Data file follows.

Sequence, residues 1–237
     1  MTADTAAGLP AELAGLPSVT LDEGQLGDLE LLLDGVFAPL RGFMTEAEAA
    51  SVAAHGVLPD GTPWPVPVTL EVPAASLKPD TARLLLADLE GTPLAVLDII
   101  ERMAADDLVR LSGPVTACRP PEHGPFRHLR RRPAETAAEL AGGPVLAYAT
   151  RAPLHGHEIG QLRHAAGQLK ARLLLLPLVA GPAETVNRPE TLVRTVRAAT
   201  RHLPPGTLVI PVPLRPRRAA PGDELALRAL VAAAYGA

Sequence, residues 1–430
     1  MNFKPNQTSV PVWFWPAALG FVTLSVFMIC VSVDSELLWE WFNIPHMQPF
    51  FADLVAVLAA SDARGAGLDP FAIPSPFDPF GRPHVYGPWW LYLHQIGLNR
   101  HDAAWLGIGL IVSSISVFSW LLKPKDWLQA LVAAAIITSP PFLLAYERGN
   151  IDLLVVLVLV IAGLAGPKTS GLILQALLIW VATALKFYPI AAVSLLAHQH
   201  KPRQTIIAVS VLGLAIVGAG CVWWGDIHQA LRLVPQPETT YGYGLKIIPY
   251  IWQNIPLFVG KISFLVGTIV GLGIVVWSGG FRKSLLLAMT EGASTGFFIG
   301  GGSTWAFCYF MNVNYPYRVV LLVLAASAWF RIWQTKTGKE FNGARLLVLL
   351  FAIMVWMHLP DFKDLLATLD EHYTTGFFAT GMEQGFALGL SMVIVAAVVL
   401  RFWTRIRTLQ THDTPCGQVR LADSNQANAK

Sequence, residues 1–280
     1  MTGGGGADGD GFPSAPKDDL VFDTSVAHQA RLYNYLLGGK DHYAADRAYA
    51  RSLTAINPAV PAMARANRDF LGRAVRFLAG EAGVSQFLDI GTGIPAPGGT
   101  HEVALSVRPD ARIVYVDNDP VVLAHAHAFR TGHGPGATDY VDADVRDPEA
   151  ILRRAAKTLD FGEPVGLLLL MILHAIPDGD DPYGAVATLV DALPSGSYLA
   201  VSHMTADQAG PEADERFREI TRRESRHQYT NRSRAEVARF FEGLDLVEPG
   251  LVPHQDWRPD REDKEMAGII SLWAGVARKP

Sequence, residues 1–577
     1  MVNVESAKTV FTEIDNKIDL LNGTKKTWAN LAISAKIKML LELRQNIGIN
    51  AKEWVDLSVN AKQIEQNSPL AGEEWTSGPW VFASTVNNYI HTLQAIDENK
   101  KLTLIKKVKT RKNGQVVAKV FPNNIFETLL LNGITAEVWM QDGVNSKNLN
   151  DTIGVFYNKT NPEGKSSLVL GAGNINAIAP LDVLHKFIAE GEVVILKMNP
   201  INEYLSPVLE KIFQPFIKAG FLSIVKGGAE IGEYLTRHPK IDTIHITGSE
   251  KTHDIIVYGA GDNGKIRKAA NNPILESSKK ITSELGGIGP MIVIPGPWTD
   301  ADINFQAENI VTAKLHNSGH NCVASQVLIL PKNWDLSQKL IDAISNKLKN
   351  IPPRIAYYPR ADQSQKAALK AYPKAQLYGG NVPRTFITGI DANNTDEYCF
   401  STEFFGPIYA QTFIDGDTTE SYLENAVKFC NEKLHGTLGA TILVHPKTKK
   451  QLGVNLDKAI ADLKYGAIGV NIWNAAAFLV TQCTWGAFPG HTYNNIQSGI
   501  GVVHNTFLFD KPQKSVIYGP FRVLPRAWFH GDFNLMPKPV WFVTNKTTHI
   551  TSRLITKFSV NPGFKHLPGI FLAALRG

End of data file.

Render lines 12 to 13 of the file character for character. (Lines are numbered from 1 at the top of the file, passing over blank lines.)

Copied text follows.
   201  KPRQTIIAVS VLGLAIVGAG CVWWGDIHQA LRLVPQPETT YGYGLKIIPY
   251  IWQNIPLFVG KISFLVGTIV GLGIVVWSGG FRKSLLLAMT EGASTGFFIG